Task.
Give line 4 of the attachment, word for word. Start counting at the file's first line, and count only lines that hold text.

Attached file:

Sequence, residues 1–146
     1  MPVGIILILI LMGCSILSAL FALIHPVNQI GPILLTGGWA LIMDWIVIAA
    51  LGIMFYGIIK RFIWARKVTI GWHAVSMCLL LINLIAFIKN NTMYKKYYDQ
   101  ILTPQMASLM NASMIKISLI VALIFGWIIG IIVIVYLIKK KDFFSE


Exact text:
   101  ILTPQMASLM NASMIKISLI VALIFGWIIG IIVIVYLIKK KDFFSE